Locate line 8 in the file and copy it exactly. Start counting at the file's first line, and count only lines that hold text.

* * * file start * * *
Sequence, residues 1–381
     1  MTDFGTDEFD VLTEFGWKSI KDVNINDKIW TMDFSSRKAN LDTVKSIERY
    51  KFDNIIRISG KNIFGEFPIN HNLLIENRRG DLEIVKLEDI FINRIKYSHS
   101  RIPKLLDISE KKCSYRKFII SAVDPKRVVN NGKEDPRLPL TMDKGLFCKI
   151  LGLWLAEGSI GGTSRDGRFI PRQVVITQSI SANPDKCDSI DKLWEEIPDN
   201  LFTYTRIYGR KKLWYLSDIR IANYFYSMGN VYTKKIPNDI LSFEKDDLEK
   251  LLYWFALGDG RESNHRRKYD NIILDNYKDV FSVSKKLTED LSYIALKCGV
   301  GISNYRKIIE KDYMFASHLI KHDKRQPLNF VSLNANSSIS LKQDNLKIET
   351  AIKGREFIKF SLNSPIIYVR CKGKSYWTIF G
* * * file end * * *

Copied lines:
   301  GISNYRKIIE KDYMFASHLI KHDKRQPLNF VSLNANSSIS LKQDNLKIET